carefully assisted to reconstruct a connection
to their world and others in it. This will be
necessary before they can "go back"
to the way they were before they became overwhelmed.
In their fragmented mental state, the individual's
ability to function becomes the responsibility
of the care provider.
Caution: One role of the supporting caregiver
is to understand that "your own feelings
of frustration at your inability to help the individual
may feel like anger and rejection to the individual."
In-the-moment that you are looking at and talking
to a person who is in a state of reflective agitation,
you have to project that you really like the individual
you are supporting. This feeling must be genuine.
This is the challenge for caregivers supporting
such challenging individuals. It is hard to genuinely
like the person who has just destroyed your things,
hit you, or is blaming you and cursing at you.
Trust is established by empathizing with the
individual, acknowledging their anger without
retaliation, while at the same time reinforcing
The interaction between the individual and their
therapist is the:
"foundation for trust, object constancy,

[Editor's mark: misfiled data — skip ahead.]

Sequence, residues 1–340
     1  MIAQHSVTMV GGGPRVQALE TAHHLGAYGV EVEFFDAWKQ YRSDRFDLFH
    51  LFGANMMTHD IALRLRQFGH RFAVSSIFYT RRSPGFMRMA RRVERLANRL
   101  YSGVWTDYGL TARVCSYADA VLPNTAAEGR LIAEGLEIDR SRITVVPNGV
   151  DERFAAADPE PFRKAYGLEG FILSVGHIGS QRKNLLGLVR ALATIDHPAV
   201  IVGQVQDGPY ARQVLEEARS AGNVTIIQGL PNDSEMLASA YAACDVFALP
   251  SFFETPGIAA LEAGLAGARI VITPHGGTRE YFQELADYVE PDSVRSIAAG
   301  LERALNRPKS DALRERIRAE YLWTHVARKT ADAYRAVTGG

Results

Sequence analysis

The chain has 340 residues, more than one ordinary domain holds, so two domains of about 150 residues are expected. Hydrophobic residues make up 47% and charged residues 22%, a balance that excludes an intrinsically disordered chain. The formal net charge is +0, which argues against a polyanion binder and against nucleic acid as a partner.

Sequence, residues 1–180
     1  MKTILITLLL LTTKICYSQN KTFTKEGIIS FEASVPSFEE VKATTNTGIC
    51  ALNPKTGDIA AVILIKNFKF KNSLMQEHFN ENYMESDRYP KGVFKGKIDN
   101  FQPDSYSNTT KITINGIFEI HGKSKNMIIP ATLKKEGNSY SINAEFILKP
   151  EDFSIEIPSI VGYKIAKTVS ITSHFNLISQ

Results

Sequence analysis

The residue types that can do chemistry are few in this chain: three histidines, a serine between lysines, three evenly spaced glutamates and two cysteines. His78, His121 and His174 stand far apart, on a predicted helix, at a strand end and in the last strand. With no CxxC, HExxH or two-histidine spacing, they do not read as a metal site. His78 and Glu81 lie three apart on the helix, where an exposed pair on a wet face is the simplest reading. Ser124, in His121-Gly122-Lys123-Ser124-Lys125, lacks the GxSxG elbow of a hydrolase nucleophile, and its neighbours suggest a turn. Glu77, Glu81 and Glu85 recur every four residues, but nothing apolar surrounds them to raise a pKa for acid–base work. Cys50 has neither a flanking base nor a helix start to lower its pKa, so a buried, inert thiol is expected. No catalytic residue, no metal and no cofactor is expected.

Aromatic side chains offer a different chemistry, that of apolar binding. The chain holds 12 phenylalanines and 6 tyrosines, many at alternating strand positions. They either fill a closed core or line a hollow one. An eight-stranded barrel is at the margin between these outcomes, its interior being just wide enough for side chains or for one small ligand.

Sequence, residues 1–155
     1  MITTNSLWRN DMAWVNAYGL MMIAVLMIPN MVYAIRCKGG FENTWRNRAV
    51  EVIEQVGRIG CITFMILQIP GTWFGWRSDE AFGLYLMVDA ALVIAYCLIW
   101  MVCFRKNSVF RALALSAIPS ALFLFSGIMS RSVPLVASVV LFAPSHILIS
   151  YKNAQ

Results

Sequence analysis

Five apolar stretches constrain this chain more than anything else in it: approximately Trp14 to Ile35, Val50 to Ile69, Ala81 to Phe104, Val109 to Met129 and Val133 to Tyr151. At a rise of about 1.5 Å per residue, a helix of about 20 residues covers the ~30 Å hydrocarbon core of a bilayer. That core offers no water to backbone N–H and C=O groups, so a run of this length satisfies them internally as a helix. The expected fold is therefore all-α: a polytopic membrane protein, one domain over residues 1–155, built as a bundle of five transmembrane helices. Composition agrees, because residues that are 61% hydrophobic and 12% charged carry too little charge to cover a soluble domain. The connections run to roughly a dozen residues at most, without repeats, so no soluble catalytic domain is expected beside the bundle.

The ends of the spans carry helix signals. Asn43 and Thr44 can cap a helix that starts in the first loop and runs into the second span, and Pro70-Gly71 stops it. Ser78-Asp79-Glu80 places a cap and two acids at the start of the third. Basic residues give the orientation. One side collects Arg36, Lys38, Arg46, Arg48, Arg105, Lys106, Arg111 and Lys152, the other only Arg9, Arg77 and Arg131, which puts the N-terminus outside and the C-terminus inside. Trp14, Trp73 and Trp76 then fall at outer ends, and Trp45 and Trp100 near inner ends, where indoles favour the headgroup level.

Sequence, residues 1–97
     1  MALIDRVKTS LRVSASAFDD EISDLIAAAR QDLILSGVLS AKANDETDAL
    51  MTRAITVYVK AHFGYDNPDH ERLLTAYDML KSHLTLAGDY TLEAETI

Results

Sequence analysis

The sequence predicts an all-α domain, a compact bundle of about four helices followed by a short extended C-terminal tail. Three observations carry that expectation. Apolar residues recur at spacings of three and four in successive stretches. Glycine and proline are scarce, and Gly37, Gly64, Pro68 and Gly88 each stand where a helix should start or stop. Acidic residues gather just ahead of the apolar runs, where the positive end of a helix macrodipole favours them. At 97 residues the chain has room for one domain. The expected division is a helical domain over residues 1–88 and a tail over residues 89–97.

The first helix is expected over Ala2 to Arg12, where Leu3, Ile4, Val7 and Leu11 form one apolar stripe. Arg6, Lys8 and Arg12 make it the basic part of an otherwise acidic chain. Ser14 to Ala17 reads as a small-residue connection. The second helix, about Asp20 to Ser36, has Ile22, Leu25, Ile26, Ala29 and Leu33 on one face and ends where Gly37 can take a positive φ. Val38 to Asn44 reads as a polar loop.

and emotional intimacy. The therapist must become
a trusted figure, a mirror to reflect a developing,
consistent identity. Starting with this relationship,
the individual learns to extend to others appropriate
expectations and trust." (Kreisman &
Strauss, p. 125).
Licensed therapists have the training and the
time to assume these roles. This is a much harder
task for a care provider in a residential or work
setting. For front line care providers the answer
has to be much more rapid, systematic, and predictable.
The mechanics of beginning to build a sense of
trust and connection and inner consistency is
to build "rule oriented", predictable
and even ritualized interactions.
- Roles and boundaries need to be explicit and
defined for all the players.
- Actions and transitions can be bridged with
visual and concrete props.
When required to operate in the world outside
of such predictable, constructed interactions
the individual remains vulnerable. The long-term
goal is that, eventually these "mediated
and manufactured" interactions become a familiar
and genuine basis for relationship.
For the caregiver on the front line, the immediate
task and role is to be a "rock" the
individual can stand on. Support the individual
to be "successfully dependent" Do not
pressure the individual to perform all of the
time, what they may only be able to do when they
are calm and secure. Provide the calm and secure
environment that allows them to function.
When the individual you are supporting is in
an extreme state, it may help a care provider
to imagine that you are operating a "mental
health sanctuary." Assume the person is in
a chronic state that they may linger in for a
long period of time without getting "better".
In this mind-set, offer the individual support
until they are internally stable enough to re-engage
with the level of assistance that you are able
Nathan E. Ory, M.A.
Nathan Ory is a psychologist with the Island Mental
Health Support Team,
Reality of Severe Autism (pt 1)
Reality of Severe Autism (pt 3)